If you regularly research different areas of case law, a subscription to Lawindexpro is worth taking out. However if you only want residential landlord and tenant law cases, the Landlord-Law cases database will probably be sufficient. You need to be an annual member of Landlord-Law however to access it (£70.50).

Good offline sources of housing cases are the Housing Law Casebook by Madge and Sephton published by Legal Action Group, and for more recent case law, the excellent Legal Action magazine.

Tenancy Agreements

All landlords should use a tenancy agreement when letting their property. However care needs to be taken when drafting them, so as not to fall foul of the Unfair Terms in Consumer Credit Regulations 1999. These regulations are policed by the Office of Fair Trading (OFT) who have issued two guidance documents, the most recent in September 2005. This is essential reading for all who draft tenancy agreements. The guidance documents can be downloaded from the OFT web-site at http://www.oft.gov.uk.

I have summarised some of this guidance in an article on Landlord-Law, to be found in the Tenancy Agreements Information Section, on unfair terms in tenancy agreements. There is also an article describing what the situation is if there is no tenancy agreement.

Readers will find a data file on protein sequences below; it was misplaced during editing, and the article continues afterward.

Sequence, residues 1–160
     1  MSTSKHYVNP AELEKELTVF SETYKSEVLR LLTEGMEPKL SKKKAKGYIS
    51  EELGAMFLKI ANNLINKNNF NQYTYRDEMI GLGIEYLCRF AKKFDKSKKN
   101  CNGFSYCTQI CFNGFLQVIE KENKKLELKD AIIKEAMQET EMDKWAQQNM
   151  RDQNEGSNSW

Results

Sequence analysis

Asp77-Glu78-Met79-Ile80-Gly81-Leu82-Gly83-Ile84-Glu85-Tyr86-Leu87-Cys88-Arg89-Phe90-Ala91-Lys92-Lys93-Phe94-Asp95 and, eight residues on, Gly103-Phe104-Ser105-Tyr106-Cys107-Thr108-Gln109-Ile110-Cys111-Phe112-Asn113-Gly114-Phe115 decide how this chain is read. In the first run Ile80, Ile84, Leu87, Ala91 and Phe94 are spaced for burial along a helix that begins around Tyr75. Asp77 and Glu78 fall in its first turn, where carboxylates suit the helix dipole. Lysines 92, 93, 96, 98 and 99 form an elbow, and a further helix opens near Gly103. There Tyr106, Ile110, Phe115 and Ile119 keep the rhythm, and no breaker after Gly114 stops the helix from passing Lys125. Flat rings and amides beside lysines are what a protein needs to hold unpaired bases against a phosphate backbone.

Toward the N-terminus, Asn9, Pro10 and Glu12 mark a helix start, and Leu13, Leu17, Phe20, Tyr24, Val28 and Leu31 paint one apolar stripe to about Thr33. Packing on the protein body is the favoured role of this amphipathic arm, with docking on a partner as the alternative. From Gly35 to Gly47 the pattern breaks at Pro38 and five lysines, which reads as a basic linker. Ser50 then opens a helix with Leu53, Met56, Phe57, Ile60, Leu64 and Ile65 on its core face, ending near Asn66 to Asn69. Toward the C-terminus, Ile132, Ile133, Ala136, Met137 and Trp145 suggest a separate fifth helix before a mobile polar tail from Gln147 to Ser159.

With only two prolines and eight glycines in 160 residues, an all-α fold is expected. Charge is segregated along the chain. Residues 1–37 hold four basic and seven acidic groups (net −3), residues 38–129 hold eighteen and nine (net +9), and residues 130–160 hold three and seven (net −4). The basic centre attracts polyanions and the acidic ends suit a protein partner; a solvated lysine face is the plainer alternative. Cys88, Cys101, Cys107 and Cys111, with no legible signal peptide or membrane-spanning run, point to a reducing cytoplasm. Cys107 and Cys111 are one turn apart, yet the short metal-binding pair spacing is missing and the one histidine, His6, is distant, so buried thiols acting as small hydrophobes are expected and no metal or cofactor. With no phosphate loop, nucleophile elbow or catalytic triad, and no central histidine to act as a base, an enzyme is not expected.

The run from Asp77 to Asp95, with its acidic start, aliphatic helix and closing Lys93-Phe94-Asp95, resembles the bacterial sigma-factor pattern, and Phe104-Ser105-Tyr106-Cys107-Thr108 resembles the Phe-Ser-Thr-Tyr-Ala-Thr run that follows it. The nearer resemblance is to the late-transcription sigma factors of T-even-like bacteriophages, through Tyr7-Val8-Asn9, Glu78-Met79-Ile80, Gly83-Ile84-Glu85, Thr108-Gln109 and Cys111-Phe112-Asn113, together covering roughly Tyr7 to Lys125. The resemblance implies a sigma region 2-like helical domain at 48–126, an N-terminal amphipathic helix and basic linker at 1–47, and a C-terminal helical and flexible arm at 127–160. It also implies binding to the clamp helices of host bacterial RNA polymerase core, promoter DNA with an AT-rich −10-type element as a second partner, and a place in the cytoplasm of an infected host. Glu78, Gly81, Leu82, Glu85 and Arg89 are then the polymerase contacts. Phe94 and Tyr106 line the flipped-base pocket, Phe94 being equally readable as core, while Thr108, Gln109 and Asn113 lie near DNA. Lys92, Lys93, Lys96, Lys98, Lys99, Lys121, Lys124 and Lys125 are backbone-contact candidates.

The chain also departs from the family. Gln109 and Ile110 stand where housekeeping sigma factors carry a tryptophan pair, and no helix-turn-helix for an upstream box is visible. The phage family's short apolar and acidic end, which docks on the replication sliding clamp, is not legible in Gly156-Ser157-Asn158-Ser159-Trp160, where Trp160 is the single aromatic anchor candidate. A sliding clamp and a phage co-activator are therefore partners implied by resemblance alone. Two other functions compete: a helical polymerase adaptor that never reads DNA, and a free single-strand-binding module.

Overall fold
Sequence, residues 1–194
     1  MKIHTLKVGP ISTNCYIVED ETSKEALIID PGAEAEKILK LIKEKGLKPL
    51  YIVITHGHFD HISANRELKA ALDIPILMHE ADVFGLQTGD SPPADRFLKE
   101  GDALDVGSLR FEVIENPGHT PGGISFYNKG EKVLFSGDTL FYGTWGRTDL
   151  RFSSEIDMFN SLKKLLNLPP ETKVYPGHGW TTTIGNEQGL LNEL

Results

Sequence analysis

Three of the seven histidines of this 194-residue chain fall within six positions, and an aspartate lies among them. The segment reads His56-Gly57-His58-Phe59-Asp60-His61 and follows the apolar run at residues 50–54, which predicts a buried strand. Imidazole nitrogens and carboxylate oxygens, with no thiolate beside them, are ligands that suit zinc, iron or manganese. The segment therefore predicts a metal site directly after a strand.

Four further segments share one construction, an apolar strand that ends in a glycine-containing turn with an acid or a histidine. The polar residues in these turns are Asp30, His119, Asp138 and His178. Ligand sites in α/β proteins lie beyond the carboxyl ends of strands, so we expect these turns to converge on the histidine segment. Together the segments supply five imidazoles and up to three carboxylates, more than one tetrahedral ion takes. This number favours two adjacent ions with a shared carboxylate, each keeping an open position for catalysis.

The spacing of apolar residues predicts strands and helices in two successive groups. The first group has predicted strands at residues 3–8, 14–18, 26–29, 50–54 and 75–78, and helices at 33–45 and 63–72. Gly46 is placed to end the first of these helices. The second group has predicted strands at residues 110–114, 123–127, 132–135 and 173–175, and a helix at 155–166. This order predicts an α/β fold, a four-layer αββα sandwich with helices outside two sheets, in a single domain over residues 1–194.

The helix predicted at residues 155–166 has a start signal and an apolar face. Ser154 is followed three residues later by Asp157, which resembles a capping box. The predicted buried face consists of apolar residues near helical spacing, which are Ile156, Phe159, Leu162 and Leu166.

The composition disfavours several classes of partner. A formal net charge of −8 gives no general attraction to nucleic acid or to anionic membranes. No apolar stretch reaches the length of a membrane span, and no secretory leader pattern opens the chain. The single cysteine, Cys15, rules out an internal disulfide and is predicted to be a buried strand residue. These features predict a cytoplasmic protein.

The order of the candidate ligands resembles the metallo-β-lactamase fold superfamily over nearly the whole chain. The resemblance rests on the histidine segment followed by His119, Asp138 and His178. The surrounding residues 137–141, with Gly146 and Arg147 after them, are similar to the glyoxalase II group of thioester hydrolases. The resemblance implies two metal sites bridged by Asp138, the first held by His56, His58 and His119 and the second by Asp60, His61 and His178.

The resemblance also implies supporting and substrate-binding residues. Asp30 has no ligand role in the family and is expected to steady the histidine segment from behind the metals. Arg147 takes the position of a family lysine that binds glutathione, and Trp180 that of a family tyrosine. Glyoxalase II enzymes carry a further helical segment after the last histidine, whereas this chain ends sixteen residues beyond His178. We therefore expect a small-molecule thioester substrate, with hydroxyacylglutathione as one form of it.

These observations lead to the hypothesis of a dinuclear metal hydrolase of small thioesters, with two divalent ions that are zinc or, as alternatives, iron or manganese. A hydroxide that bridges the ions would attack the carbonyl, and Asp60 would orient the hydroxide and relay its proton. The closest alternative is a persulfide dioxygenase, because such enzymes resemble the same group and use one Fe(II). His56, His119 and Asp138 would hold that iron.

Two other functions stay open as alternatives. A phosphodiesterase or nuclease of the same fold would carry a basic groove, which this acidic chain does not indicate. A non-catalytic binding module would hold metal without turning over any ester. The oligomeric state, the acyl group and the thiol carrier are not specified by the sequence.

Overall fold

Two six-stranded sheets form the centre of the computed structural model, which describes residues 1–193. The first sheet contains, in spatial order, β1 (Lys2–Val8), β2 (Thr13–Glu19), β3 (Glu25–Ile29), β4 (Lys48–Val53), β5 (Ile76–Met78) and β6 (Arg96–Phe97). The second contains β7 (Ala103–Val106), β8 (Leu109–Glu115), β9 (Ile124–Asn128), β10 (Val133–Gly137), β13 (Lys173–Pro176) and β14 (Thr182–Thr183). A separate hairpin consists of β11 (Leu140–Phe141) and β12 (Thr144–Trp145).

I also publish a large number of 'plain English' style tenancy agreements on Landlord-Law which can be downloaded by annual members from here. Our tenancy agreements are an important reason why many landlords join the service as I provide tenancy agreement types (such as for common law tenancies) which are not easily available elsewhere.

Landlords Repairing Obligations

This whole area is very complex and well overdue for review. The main landlords repairing covenants are in the Landlord and Tenants Act 1985. The Local Authority's remit is set out in the Housing Act 2004 which sets a new Housing Health and Safety Rating System (replacing the old fitness regime from the 1985 Act). However there are various other relevant statues, for example the Defective Premises Act 1972 and the Environmental Protection Act 1990 (not to mention the common law).